Remote Connectivity : Dial up Networking

Document Sample
Remote Connectivity : Dial up Networking Powered By Docstoc
					Remote Connectivity: Dial-up Networking
• • Dialing directly into private network’s or ISP’s remote access server to log on to a network – PSTN, X.25, or ISDN transmission methods Client must run dial-up software
– – – – – Remote access server runs software to accept and interpret the incoming signals Comes with virtually every OS Prompt for credentials: typically user name and password Authentication: server compares credentials with database Disadvantages
• Slow and significant amount of maintenance

– Advantages • Technology is well understood • Software comes with virtually every operating system


Remote Access Service (RAS): Microsoft’s dial-up networking software

Network+ Guide to Networks, 4e


Remote Access Servers
• Routing and Remote Access service (RRAS): Microsoft’s remote access software
– Available with Windows Server 2003 NOS and Windows XP client OSs – Enables Windows Server 2003 computer to accept multiple remote client connections
• Over any type of transmission path

– Enables server to act as a router and determine where to direct incoming packets across the network – Incorporates multiple security provisions to ensure data cannot be intercepted and interpreted.
Network+ Guide to Networks, 4e 2

Remote Access Servers (continued)

Figure 7-23: Clients connecting with a remote access server
Network+ Guide to Networks, 4e 3

Remote Access Protocols
• Serial Line Internet Protocol (SLIP): – Carries only IP packets – Asynchronous transmission • Point-to-Point Protocol (PPP): – Carries many types of Network layer packets such as IP, IPX and AppleTalk – Performs error correction and data compression – Supports encryption – Synchronous or asynchronous transmission • PPP over Ethernet (PPPoE): Standard for connecting home computers to ISP via DSL or broadband cable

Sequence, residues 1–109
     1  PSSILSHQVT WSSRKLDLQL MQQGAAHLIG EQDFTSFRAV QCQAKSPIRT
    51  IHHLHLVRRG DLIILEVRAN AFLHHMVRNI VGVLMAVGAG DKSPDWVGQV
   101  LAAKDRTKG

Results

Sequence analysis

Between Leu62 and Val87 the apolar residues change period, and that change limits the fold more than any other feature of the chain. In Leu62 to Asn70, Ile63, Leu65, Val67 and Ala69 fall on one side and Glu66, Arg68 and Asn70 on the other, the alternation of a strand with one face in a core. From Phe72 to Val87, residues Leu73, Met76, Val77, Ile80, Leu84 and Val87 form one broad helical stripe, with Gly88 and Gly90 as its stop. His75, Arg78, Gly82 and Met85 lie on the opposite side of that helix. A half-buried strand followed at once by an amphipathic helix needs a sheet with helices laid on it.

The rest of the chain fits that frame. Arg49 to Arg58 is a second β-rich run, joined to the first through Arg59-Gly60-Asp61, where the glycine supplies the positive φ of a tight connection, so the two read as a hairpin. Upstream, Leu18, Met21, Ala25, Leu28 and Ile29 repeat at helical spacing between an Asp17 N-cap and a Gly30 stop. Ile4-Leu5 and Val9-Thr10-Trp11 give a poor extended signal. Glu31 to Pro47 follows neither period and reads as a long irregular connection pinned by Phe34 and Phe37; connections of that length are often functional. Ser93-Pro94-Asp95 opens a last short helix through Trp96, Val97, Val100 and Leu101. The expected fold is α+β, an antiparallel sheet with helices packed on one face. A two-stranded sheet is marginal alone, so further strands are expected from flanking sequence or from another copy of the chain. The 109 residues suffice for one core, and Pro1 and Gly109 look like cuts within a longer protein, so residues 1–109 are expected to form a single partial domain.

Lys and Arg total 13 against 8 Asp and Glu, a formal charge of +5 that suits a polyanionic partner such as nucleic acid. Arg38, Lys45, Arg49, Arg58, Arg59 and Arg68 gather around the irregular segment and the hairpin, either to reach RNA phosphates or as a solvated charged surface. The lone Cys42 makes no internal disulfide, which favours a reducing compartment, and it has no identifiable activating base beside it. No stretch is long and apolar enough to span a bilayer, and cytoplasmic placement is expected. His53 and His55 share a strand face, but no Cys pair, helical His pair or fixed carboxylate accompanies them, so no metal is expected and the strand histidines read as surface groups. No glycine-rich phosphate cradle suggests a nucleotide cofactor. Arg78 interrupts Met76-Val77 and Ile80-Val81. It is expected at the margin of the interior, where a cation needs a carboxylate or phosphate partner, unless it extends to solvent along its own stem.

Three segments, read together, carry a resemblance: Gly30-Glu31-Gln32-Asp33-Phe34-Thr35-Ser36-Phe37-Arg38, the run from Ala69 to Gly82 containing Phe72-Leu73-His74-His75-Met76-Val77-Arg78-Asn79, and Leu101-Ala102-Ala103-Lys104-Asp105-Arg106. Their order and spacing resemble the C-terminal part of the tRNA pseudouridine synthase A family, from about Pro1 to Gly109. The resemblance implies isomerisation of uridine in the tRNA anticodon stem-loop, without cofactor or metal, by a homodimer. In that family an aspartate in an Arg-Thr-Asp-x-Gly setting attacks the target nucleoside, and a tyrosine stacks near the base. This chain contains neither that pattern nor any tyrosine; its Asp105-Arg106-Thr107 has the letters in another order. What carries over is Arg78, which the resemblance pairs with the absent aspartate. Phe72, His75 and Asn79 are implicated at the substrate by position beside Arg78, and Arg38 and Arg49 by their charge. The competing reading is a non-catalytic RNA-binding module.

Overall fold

Network+ Guide to Networks, 4e


Remote Access Protocols (continued)

Figure 7-24: Protocols used in a remote access Internet connection
Network+ Guide to Networks, 4e 5

Remote Control
• Allows remote user on client computer to control another computer (host) across a LAN or WAN
– Host must be configured to allow access – Host may allow clients a variety of privileges

• Remote Desktop Software: For Windows OSs
– Relies on Remote Desktop Protocol (RDP)
• Application Layer protocol

• Simple to configure • Can run over any type of connection
Network+ Guide to Networks, 4e 6

Terminal Services
• Popular method for gaining remote access to LANs • Terminal server: computer running specialized software allowing it to act as a host
– Supplies applications and resource sharing to remote clients – Allows multiple simultaneous connections – Optimized for fast processing and application handling

• Terminal services software: Microsoft Terminal Services, Citrix Metaframe • Thin client: workstation using terminal services
Network+ Guide to Networks, 4e 7

(VPNs) Virtual Private Networks
• WANs logically defined over public transmission systems
– Traffic isolated from other traffic on same public lines – Required software usually inexpensive
• Windows Server 2003 RRAS

– Can be created by configuring special protocols on routers or firewalls connecting VPN sites

• Must consider interoperability and security • Tunneling: create virtual connection (tunnel) between two VPN nodes
Network+ Guide to Networks, 4e 8

(VPNs) Virtual Private Networks (continued)

Figure 7-27: An example of a VPN
Network+ Guide to Networks, 4e 9

(VPNs) Virtual Private Networks (continued)
• Point-to-Point Tunneling Protocol (PPTP): encapsulates PPP so that any type of PPP data can traverse Internet masked as IP or IPX transmission
– Developed by Microsoft – Supports encryption, authentication, and access services provided by Windows Server 2003 RRAS

• Layer 2 Tunneling Protocol (L2TP): Similar to PPTP
– Accepted and used by multiple, different vendors – Can connect VPN using mix of equipment types
Network+ Guide to Networks, 4e 10

Shared By: